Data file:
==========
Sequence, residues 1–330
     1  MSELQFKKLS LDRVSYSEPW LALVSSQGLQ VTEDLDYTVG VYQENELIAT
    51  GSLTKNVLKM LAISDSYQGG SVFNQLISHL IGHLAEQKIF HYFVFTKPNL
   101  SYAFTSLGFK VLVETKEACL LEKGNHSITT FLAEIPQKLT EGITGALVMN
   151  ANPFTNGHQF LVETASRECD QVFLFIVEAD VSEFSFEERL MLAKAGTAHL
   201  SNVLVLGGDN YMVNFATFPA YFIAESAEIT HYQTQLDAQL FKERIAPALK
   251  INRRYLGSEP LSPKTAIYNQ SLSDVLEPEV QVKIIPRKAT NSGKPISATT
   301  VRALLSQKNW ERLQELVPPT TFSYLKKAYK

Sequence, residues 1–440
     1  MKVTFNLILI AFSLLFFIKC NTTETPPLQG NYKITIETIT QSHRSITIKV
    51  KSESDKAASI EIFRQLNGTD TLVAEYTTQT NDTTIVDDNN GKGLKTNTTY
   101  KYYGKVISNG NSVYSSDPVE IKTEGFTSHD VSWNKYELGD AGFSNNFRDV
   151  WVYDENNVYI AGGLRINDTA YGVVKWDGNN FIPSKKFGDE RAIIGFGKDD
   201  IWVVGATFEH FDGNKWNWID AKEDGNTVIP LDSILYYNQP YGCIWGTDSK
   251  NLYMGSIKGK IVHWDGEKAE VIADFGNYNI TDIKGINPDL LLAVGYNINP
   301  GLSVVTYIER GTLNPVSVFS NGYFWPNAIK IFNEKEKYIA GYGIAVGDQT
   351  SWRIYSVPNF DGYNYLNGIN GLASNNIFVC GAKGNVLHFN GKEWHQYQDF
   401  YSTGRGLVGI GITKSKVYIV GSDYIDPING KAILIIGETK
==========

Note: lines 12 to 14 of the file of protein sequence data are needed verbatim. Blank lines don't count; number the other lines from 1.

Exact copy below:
   101  KYYGKVISNG NSVYSSDPVE IKTEGFTSHD VSWNKYELGD AGFSNNFRDV
   151  WVYDENNVYI AGGLRINDTA YGVVKWDGNN FIPSKKFGDE RAIIGFGKDD
   201  IWVVGATFEH FDGNKWNWID AKEDGNTVIP LDSILYYNQP YGCIWGTDSK